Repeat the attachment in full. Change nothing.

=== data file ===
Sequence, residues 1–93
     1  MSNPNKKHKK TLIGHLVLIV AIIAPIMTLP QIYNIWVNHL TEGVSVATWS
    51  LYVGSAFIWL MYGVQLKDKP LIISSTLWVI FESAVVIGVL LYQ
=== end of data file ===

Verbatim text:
Sequence, residues 1–93
     1  MSNPNKKHKK TLIGHLVLIV AIIAPIMTLP QIYNIWVNHL TEGVSVATWS
    51  LYVGSAFIWL MYGVQLKDKP LIISSTLWVI FESAVVIGVL LYQ